The Center for Interdisciplinary Research in Astrophysics and Space Exploration (CIRAS) is a research initiative led by academics from Universidad de Santiago de Chile (USACH). CIRAS promotes research through connections between astrophysics, computer sciences, physics, space sciences, engineering, mathematics, biology and education. CIRAS involves researchers from the physics, informatics, math and biology departments.

This center is guided by the principles of openness and inclusiveness, putting diversity and accessibility at the forefront.

Astrophysics of the formation of planets

The statistics are mind-blowing, every star in our Galaxy hosts on average at least one planet. Yet we still lack crucial information to tell the story of how these planets are born. The question of planetary origins requires the detection of birthing planets for information on where, when and how planets.

Space physics and space exploration

As any other star, our Sun is not only a source of light but also the source of a stellar (solar) wind. Planetary magnetic fields shield planets like Earth from such plasma flows, giving rise to the planetary magnetospheres. Our group studies turbulence in space plasmas and its role in the solar wind-magnetosphere interactions and the transport of plasma and energy between different regions of the magnetosphere.

Credit: NASA, ESA, Hubble, OPAL Program, J. DePasquale (STScI), L. Lamy (Obs. Paris).


Chile benefits from an advantageous position to exploit astronomical sciences, and the connection with informatics represents a natural engine for development driven by the data-centric and computationally expensive challenges posed by astrophysics. Modern astrophysics has reached a point where theory and observations are directly connected thanks to astroinformatics and high performance computing (HPC). One of the main scientific activities that our Center plans to execute is to train advanced young researchers and engineers to apply HPC techniques to astrophysics research.


The hostile conditions of our neighboring planets direct the search of life into the microbial world. The study of life in extreme environments on Earth gives insights on the physicochemical conditions where life could exist. The discovery of microbial communities in high and low temperature ecosystems such as those present in deep sea hydrothermal vents or the Dry Valleys and frozen lakes of Antarctica respectively, have extended our definition of a habitability zone where to find extraterrestrial life.

Theoretical astrophysics

The investigation of nature and the evolution of the dark sector of the universe is one of the most active and relevant topics in cosmology today. In the last decade we have conducted research on dark energy models in the universe in the context of general relativity, brane models, modified gravity, and unimodular gravity.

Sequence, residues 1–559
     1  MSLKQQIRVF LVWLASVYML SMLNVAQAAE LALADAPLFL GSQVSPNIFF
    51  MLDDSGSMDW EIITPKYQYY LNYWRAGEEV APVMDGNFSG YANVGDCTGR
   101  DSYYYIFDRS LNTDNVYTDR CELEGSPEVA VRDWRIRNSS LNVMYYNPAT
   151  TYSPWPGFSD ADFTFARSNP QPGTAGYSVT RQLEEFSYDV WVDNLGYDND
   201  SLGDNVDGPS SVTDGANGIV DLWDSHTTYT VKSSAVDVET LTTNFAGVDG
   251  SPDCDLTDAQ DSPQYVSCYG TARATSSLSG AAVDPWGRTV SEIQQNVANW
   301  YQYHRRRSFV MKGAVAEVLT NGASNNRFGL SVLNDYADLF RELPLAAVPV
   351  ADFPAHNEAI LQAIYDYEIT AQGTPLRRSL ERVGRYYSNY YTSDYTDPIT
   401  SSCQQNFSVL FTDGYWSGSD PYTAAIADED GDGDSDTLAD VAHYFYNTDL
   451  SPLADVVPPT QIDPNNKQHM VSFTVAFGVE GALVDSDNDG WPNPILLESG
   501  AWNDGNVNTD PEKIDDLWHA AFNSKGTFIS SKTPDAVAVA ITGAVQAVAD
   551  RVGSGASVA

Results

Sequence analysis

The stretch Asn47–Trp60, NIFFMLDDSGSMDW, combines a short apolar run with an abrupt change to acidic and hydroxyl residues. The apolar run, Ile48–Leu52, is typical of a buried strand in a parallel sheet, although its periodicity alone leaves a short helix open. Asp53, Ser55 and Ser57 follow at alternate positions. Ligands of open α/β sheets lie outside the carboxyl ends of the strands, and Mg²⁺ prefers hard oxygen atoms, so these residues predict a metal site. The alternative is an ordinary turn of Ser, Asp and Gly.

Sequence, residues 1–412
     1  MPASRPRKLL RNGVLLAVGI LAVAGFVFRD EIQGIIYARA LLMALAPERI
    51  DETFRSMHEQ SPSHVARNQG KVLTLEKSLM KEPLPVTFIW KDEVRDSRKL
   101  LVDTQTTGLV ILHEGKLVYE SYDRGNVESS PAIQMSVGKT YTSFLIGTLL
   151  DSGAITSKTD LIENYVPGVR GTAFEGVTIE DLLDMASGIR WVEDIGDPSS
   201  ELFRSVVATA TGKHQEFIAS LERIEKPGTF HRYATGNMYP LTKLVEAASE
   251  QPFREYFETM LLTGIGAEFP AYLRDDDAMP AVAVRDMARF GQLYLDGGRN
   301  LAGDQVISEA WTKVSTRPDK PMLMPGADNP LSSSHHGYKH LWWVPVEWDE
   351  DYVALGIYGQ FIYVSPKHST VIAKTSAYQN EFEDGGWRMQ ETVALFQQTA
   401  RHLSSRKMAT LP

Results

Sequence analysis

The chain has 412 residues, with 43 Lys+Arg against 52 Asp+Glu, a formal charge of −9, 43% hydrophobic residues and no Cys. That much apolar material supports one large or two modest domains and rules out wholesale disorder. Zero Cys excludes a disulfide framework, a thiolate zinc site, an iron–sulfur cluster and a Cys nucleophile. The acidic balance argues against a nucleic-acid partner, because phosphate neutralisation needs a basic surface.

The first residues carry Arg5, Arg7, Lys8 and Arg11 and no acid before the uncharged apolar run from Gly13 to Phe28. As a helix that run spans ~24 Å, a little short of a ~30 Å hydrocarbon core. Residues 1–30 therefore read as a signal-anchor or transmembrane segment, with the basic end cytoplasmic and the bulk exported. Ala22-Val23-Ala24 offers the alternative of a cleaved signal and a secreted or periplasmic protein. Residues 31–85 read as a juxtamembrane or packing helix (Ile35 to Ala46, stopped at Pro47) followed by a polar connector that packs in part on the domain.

Astronomy education research

Astronomy education research (AER) is the field that studies the currently used teaching methods in astronomy while seeking to improve their learning outcomes. Astronomy education encourages young people to pursue an academic career and thus awaken the vocation of future generations of scientists in the area. Here we link AER and outreach by sharing knowledge and educational tools with the general public for use in formal and non-formal contexts, thus promoting astronomy and a greater social appreciation of the field.


We are living in the Big Data era. Astronomy has not been outside of the latest technological advances. In this era, the astronomical surveys have evolved from taking observations of small and focused areas of the sky (for example, OGLE and HIPPARCOS) to widefield surveys (for example VVV). The upcoming challenge in astronomy is the Legacy Survey of Space and Time (LSST). Considering the large amount of data that will be available, the statistical tools can be useful to implement processes that allow us to analyze the data efficiently.



  • Sebastián Pérez (interim director), Physics department
  • Fernando Rannou, Informatics engineering department
  • Marina Stepanova, Physics department
  • Jenny Blamey, Chemistry and Biology faculty
  • Carla Hernández, Physics department
  • Yaroslav Ispolatov, Physics department
  • Pablo Román, Informatics Engineering department
  • Ernesto Gramsch, Physics department
  • Cristóbal Espinoza, Physics department
  • Felipe Elorrieta, Math department
  • Norman Cruz, Physics department
  • Miguel Pino, Physics department